In figure D below, Baro is the deepest central midfielder, allowing Valeri freedom to advance forward and play more balls forward to Berisha and the wingers. Muscat and his staff would likely only play this lineup in an absence of options to partner Valeri (through injury or suspension), or against the premium opposition in the league who play a possession brand of football, such as last season’s champions Adelaide United, where the idea is to soak up pressure and hit back on the counter.

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Figure C (left) – Baro, if deployed in a central midfield role, will give fantastic cover for his centre 
halves and break up play, at times almost acting as a third stopper. His passing range, as shown in figure C, gives the option to release quick balls out wide to the wings, as the centre backs split and push the full backs on to create 2 on 1 and overlap opportunities.

Figure D (right) – If the coaching staff elect for a double pivot in defensive midfield, Valeri is able to play a more free role while the back 4 is given additional cover, to deal with tough opposition would like to keep the ball and probe in and around the box for openings.

If you are looking for a player to compare to Baro, you wouldn’t want to go too far past the man signing him, Kevin Muscat; a rugged, physical and hard tackling defender with an underrated ability to find and make a pass and the versatility to step into midfield or play as a centre half. Victory fans will be hoping his disciplinary record is markedly better than their current manager’s. Muscat was known as being too aggressive and on occasion dangerous on the field as a footballer, both for the Victory and overseas, particularly in England.

Baro recorded 11 yellow cards in 35 appearances at SD Ponferradina in Liga Segunda last season, a rate of 0.31 bookings per match (per WhoScored.com). This rate would see him sit 3rd in the Melbourne Victory’s all time list for bookings per match (minimum 25 matches), behind notorious card receivers in Adrian Leijer and Muscat, something he will have to be wary of as to not miss key matches in the relatively short season due to suspension.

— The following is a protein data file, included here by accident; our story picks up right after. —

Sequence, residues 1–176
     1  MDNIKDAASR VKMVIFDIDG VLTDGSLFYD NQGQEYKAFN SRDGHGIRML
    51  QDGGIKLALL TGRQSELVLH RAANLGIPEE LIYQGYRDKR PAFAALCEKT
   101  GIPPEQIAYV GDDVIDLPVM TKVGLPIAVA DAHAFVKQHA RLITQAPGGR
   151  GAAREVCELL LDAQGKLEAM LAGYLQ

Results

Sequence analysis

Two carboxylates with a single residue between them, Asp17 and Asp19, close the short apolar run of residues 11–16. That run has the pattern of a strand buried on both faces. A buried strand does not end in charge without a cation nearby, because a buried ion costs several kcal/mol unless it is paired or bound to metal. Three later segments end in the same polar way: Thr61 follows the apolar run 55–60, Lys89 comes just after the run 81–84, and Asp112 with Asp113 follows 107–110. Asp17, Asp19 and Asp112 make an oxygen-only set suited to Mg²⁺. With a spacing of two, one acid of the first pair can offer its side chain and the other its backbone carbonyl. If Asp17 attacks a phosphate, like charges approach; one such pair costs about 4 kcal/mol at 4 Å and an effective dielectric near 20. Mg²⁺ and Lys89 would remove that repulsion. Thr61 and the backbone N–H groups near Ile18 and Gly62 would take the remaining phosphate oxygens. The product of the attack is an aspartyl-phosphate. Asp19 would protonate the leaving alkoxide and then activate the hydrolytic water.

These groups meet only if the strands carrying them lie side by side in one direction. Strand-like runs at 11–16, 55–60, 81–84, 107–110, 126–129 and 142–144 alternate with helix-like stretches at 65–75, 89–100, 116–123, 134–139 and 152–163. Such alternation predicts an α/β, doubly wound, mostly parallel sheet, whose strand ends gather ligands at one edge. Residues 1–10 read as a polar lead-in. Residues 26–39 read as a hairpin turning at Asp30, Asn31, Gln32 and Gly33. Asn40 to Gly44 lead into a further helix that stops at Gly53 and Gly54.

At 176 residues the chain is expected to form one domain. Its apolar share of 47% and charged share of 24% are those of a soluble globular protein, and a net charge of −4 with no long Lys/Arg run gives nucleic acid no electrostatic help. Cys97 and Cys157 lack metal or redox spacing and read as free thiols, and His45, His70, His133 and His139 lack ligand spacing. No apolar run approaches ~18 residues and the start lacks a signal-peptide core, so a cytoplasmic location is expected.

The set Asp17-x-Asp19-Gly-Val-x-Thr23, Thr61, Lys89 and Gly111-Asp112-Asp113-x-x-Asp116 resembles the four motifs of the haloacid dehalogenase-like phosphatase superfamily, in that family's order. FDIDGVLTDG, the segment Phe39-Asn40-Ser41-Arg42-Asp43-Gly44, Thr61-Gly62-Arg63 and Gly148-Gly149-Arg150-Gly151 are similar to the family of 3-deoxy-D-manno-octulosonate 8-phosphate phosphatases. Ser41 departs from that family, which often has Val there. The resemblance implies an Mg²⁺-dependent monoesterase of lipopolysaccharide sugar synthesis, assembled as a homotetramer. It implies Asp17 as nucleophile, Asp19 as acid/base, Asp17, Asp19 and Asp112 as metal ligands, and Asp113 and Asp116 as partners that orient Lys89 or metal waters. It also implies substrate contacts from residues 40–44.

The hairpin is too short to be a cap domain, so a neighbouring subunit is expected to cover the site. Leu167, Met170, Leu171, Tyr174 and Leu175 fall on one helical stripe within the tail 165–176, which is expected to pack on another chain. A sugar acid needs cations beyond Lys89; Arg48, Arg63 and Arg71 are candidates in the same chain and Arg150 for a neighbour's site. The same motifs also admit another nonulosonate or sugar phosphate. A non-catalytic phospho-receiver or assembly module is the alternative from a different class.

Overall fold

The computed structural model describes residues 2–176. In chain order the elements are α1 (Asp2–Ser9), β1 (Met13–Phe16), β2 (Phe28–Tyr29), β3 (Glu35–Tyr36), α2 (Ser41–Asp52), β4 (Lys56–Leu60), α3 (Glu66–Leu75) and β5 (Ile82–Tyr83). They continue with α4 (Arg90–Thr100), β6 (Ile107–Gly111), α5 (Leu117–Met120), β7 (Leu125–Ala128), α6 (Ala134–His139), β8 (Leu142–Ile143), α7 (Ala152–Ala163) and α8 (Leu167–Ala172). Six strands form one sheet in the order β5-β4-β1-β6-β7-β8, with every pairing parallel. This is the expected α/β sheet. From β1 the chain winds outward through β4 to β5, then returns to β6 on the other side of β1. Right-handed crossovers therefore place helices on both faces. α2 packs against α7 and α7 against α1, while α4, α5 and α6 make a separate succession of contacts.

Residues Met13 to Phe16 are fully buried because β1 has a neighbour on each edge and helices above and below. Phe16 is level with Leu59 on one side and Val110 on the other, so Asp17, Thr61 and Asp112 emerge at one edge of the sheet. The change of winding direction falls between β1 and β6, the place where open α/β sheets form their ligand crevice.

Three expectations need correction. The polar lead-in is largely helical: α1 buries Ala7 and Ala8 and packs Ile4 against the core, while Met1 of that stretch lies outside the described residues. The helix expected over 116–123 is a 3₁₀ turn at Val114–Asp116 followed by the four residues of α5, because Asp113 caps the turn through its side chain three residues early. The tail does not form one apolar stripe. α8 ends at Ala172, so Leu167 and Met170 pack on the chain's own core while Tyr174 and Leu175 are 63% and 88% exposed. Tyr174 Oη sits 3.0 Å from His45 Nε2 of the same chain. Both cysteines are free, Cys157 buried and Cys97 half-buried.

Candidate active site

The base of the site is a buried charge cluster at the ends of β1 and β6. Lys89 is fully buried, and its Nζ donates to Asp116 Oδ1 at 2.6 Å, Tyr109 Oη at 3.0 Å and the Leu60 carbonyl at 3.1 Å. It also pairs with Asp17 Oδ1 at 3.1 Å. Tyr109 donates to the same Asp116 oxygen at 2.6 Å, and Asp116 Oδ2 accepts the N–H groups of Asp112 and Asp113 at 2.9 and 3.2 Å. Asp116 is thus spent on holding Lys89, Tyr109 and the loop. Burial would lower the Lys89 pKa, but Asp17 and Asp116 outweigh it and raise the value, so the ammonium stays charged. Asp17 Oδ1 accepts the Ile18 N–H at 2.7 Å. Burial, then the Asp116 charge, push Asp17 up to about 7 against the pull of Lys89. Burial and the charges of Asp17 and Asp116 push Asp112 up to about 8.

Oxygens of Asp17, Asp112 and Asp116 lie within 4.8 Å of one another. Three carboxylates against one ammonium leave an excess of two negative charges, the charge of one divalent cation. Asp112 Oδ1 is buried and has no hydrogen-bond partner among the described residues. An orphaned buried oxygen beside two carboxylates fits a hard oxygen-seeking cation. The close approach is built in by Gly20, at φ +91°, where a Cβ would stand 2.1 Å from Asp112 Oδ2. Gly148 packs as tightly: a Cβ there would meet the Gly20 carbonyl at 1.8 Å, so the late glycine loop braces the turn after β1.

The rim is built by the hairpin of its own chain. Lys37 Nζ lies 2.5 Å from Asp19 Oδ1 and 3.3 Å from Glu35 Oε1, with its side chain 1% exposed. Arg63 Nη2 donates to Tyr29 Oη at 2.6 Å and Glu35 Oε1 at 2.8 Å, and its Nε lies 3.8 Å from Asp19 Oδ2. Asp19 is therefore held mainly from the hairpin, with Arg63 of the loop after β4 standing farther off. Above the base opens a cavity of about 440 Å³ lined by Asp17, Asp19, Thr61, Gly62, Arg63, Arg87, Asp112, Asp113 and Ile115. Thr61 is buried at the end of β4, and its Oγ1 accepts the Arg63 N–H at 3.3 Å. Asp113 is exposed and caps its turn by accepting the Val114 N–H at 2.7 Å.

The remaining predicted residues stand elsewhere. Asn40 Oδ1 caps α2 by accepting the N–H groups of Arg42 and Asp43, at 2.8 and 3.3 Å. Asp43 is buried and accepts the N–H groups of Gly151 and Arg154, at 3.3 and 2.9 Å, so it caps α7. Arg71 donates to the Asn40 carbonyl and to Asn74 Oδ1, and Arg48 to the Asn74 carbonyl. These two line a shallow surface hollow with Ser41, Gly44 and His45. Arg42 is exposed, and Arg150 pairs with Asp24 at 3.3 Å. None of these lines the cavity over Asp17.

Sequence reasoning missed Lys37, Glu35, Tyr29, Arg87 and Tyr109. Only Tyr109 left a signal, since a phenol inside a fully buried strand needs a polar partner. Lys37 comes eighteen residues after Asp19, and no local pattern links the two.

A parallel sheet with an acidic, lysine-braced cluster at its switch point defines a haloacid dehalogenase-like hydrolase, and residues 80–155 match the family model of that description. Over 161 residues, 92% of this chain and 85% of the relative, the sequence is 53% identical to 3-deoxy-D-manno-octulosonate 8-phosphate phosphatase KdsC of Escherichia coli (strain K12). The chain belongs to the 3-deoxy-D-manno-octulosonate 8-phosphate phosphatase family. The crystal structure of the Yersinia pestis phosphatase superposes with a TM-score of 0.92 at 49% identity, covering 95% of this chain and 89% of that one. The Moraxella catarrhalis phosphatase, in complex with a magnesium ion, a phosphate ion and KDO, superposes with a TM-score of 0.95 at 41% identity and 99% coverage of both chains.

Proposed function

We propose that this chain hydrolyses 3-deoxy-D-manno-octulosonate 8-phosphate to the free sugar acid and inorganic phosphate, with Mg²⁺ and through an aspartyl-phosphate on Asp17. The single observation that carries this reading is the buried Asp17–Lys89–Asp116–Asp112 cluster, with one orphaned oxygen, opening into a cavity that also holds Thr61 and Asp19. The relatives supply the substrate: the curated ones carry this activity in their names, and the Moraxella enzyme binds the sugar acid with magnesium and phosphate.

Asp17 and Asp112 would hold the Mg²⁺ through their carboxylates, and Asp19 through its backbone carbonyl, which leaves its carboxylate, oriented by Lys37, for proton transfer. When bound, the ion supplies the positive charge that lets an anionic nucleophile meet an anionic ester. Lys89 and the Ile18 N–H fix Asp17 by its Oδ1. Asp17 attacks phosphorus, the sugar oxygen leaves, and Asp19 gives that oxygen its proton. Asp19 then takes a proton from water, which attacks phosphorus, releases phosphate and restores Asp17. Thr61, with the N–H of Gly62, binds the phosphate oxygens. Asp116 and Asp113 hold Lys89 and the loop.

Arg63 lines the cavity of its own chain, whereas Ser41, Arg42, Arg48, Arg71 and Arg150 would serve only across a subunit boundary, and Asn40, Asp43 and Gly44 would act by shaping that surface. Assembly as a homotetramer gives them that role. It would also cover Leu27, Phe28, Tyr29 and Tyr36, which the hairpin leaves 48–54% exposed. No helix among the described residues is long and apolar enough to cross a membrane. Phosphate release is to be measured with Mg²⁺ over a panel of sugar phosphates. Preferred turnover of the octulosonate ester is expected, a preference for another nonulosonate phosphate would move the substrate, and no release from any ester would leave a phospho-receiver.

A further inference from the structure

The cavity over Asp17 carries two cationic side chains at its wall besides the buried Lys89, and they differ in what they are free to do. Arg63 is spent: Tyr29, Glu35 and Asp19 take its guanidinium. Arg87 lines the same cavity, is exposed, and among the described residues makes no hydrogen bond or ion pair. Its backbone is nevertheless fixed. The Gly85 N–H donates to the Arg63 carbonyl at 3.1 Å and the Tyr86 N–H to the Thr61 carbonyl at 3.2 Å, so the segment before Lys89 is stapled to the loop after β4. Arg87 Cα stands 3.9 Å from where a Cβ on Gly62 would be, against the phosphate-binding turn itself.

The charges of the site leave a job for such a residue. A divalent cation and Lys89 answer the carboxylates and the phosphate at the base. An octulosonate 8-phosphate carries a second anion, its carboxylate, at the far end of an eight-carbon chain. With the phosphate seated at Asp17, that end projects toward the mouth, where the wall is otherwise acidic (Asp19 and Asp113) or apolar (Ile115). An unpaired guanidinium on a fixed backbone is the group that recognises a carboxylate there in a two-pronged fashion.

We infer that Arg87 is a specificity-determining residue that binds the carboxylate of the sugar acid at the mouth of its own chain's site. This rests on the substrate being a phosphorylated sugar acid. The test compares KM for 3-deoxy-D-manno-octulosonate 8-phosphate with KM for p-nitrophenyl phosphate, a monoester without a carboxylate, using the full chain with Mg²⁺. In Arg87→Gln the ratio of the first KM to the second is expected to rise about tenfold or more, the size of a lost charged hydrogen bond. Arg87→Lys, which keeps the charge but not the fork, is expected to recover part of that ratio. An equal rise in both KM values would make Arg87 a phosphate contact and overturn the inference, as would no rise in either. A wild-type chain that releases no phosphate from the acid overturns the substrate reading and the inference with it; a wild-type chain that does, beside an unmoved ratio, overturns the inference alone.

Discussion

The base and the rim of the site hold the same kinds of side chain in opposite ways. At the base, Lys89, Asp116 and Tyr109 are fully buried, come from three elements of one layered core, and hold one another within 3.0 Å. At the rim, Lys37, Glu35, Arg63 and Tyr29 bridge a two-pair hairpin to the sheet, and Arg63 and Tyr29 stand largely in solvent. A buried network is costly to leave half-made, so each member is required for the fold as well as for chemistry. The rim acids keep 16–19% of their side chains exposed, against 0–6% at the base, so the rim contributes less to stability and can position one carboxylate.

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Figure E – Melbourne Victory’s all time bookings per match table (minimum 25 games).
*Baro’s data per WhoScored.com from his 15/16 season with SD Ponferradina.

Stylistically, Baro looks a front-foot, physical centre back who, with his ability to pick a long range pass forwards, seems perfect for quickly turning defence into a smart counter attack, similar to how Delpierre often brought the ball forward and played out from the back, but perhaps with more urgency. Muscat stated that Baro is “a natural fit” for the club and “fits into how [the club] wants to play.“ The highlights video posted on the Victory website displays Baro’s main attributes, with his quick witted intercept play and passing ability highlighted toward the end of the video.

We may seen as soon as Victory’s FFA Cup game against the Jets on the 3rd of August, or perhaps earlier in pre-season matches how Muscat intends to primarily use Baro, and whether or not the Spaniard can adjust to the Australian game.

Written by Analytical A-League -> Follow @ALeagueTactics on Twitter.
Feature Image via aleague.com.au

Who is the most important player for Victory to replace?